How powerless is this tinkering towards so many different goods that are always beyond the horizon when we are, no matter what, on the road to hell? Is this something to get lethargic about? Or keep on striving, tears and all? Write hybrid texts with somebody in a different mood about the world? Can we be interested in practices of ‘the good’ in a bad world? When is it better to focus on ‘the bad’? Could we do both?


Braun, Bruce, and Sarah Whatmore (2010) Political Matter: Technoscience, Democracy and Public Life. Minneapolis, MN: University of Minnesota Press.

Dányi, Endre (2020) ‘Búskomor politics’ In Annemarie Mol and John Law (eds.) On Other Terms: Interfering in Social Science English. London: Sage, pp. 96-108.

Dányi, Endre and Michaela Spencer (2020) ‘Un/common Grounds: Tracing Politics Across Worlds’, Social Studies of Science, Vol. 50, No. 2, pp. 317-334.

de la Cadena, Marisol and Mario Blaser (2018) A World of Many Worlds. Durham, NC: Duke University Press.

D’Hoop, Ariane & Jeannette Pols (submitted) The game is on! Re Reconnecting Musicians and Audiences in Cyberspace during Lockdown 

D.H. de Vries, A. J. Pols, A.A. M’charek, J.C.M. van Weert (2022) The impact of physical distancing on socially vulnerable people needing care during the COVID-19 pandemic in the Netherlands, International Journal of Care and Caring, Vol 6. Nos. 1-2, pp. 123-140.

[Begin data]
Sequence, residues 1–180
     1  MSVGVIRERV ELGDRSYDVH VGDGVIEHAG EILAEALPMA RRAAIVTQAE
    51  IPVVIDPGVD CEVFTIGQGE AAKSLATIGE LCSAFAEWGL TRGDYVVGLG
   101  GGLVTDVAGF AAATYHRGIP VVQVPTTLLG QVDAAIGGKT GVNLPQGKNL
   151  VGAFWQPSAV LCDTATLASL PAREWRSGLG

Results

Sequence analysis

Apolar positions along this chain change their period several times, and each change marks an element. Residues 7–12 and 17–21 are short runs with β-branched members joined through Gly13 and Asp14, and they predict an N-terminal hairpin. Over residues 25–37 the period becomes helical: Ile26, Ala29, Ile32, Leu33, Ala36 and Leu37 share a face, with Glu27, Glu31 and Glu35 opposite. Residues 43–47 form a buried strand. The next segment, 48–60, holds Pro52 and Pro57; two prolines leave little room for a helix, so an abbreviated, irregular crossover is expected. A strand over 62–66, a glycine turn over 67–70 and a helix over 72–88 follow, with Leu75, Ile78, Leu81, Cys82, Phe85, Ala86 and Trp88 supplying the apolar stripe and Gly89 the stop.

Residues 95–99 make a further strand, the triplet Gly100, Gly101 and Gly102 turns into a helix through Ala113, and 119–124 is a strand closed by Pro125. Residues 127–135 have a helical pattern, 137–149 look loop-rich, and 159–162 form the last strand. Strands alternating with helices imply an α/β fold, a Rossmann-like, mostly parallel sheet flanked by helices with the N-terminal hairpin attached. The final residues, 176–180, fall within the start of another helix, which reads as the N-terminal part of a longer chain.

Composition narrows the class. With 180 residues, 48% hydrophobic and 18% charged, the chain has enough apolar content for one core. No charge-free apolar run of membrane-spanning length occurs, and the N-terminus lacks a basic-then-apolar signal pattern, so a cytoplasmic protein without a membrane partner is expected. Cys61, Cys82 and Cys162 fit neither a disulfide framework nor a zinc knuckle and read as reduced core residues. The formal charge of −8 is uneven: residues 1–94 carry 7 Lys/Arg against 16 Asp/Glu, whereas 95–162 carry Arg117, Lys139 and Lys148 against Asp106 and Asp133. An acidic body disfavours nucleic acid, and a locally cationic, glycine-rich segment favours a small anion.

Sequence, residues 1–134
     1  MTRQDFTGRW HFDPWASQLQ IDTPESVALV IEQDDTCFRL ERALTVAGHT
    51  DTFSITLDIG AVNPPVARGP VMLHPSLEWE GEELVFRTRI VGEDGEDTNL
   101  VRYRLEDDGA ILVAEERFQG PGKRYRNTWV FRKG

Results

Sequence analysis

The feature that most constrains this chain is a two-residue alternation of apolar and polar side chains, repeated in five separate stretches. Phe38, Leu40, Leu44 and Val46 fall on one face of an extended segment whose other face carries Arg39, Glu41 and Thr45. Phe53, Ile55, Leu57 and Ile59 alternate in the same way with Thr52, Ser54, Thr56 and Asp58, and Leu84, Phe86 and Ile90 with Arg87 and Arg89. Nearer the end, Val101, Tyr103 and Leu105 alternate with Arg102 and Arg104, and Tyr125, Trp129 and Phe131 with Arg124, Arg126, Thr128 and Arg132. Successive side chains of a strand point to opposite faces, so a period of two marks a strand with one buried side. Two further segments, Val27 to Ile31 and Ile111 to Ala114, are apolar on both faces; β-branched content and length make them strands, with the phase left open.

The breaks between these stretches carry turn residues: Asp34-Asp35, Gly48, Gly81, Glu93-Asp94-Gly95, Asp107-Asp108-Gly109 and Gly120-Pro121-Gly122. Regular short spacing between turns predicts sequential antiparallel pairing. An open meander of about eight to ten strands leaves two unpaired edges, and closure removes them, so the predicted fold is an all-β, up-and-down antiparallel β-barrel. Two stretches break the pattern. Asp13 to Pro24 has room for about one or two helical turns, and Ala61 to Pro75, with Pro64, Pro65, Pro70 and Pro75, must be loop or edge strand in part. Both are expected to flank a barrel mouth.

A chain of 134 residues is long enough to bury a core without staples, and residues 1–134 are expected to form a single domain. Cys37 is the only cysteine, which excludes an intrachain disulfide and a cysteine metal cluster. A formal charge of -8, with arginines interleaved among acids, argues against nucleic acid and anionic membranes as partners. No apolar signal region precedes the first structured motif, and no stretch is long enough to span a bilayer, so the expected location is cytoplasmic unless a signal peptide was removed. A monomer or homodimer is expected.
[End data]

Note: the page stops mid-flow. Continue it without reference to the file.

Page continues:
Omura, Keiichi, Grant Jun Otsuki, Shiho Satsuka and Atsuro Morita (2018), The World Multiple: The Quotidian Politics of Knowing and Generating Entangled Worlds. London and New York: Routledge.

Law, John (2015) ‘What’s wrong with a one-world world?’ Distinktion: Journal of Social Theory, Vol. 16 No. 1, pp. 126-139.

M’charek, Amade (2020) ‘Harraga: Burning Borders, Navigating Colonialism’ In Annemarie Mol and John Law (eds.) On Other Terms: Interfering in Social Science English. London: Sage, pp. 158-174.

Mol, Annemarie and John Law (2020) On Other Terms: Interfering in Social Science English. London: Sage.

Pols, Jeannette (2019) Values in tension: Towards an empirical ethics for improving care, proposal submitted to and rejected at the last stage by the Dutch scientific funder NWO.

Pols, Jeannette (2015). Towards an empirical ethics in care: Relations with technologies in health care. Medicine, Health Care and Philosophy, 18, 81-90.

Pols, Jeannette (2013) The chronification of illness. Empirical ethics in care. Inaugural lecture at the University of Amsterdam, 27 September 2013. Accessible online at